Swedru Business School of Business General Arts Total Mfantsipim School Total Mankessim Sec/Tech. Total Oguaa Technical Science Agriculture Technical Agriculture

150,000

39,480,000

275,167,500

35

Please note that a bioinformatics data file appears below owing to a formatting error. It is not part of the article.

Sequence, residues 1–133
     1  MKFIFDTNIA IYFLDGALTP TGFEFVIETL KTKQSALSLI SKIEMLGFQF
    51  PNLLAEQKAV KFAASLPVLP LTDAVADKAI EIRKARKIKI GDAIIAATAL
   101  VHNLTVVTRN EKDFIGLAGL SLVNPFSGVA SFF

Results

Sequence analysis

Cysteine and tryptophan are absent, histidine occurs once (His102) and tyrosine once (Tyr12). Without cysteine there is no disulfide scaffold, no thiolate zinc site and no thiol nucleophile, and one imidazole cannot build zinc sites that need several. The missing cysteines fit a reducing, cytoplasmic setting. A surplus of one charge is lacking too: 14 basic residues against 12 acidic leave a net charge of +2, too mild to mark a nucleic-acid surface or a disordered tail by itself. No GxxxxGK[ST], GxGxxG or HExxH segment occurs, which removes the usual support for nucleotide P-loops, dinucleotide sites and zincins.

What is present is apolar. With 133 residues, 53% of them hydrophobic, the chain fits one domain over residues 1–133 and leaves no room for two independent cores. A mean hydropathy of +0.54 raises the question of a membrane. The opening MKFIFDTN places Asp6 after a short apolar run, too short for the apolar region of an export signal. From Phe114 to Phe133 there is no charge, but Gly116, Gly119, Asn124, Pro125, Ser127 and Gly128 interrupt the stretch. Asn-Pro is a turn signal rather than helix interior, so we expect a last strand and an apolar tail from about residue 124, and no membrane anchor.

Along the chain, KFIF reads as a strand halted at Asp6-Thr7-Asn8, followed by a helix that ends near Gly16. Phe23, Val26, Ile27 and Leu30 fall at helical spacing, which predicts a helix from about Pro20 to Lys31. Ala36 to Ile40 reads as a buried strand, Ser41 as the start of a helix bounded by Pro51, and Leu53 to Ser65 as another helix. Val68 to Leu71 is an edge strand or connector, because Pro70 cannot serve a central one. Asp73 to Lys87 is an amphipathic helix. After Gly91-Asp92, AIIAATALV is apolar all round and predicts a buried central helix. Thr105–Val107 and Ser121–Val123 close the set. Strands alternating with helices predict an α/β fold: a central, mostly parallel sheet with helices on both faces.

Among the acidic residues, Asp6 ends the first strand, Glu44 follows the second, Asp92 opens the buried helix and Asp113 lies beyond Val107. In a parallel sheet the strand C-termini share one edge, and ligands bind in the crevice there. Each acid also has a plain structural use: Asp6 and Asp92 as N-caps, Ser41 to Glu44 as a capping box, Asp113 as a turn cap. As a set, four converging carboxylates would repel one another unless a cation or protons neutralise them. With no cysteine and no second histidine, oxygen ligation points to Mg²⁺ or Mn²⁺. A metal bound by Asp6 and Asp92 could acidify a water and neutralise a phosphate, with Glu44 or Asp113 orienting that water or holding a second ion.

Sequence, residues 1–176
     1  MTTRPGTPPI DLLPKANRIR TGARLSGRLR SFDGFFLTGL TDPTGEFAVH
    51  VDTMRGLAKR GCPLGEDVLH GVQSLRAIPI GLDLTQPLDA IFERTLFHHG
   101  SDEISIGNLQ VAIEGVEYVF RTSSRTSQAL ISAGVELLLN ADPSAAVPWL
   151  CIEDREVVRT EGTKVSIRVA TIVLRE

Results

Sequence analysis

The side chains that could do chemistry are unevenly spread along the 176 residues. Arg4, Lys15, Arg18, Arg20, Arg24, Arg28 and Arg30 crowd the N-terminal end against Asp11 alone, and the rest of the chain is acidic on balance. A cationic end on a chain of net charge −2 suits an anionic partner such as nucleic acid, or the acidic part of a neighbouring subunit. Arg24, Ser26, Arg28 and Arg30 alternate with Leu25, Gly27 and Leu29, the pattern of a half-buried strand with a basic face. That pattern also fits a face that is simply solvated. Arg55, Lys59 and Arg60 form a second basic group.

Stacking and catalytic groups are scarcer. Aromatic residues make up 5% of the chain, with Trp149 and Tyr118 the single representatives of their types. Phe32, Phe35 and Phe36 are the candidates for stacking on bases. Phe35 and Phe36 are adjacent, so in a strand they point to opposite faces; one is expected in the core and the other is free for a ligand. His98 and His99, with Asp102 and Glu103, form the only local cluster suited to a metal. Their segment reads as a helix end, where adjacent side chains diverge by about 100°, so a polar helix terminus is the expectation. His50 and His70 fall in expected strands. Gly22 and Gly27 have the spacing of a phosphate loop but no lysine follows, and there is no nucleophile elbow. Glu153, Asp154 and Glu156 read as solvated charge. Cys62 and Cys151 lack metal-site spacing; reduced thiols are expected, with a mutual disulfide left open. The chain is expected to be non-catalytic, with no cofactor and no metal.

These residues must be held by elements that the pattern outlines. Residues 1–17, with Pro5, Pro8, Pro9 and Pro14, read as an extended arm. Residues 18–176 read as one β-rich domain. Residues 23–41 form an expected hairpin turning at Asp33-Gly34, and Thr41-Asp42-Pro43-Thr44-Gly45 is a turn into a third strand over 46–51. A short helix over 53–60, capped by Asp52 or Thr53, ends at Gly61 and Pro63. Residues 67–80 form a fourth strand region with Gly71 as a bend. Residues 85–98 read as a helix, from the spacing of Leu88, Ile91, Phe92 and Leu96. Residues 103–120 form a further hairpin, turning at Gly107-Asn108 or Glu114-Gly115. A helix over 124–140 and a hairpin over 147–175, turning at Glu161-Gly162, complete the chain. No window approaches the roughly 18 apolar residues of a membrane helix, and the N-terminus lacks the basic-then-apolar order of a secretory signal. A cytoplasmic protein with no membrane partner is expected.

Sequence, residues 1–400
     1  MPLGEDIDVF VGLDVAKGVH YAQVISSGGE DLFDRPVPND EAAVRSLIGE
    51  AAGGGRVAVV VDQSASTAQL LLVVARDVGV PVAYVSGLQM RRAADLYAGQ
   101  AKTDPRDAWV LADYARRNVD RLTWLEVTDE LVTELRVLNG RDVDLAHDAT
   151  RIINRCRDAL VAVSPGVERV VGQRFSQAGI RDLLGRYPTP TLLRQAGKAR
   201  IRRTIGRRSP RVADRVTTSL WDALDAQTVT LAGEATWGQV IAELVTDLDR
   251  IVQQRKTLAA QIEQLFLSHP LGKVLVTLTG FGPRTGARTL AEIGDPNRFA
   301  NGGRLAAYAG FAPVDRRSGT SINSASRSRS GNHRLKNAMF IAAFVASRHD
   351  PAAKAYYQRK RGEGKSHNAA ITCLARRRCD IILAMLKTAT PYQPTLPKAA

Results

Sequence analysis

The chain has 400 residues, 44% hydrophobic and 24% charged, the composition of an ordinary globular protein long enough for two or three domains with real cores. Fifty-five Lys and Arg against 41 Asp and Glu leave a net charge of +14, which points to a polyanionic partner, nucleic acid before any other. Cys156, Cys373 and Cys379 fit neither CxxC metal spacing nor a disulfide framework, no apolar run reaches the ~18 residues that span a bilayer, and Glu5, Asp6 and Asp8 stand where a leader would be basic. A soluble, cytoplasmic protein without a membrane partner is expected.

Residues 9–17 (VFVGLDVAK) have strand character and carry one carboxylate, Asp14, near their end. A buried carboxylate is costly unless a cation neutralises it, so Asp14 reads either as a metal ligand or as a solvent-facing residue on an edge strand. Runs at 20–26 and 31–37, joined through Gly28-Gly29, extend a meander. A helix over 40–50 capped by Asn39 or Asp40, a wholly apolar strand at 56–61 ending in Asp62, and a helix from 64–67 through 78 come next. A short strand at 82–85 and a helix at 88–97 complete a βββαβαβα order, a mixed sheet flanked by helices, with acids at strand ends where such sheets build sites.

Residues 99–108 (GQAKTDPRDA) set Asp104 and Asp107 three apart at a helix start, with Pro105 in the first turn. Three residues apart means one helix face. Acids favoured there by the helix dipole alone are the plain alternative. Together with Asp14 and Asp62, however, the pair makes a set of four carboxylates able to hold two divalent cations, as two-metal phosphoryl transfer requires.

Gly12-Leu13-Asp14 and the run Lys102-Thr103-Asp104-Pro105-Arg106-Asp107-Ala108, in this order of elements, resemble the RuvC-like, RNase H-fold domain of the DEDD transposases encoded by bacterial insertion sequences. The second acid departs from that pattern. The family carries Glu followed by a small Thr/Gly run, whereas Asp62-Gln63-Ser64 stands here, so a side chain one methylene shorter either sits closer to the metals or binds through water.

Comparing Unit Recurrent Costs 7 Table 12, shows total and recurrent cost per student for the 4 schools studied for this report. Table 12: Annual Total Recurrent Expenditure and Recurrent Costs per Student by School and Program School Program Total No of Total Recurrent Recurrent Students Expenditure Expenditure per Student Swedru School of Business Mfantsipim School Mankessim Sec/Tech. Business General Arts Technical Science Agriculture Technical 405 135 288 1500 147 123 275,167,500 121,635,000 849,742,500 3,200,797,500 45,840,000 35,205,000 679,425 901,000 2,950,494 2,133,865 311,836 286,219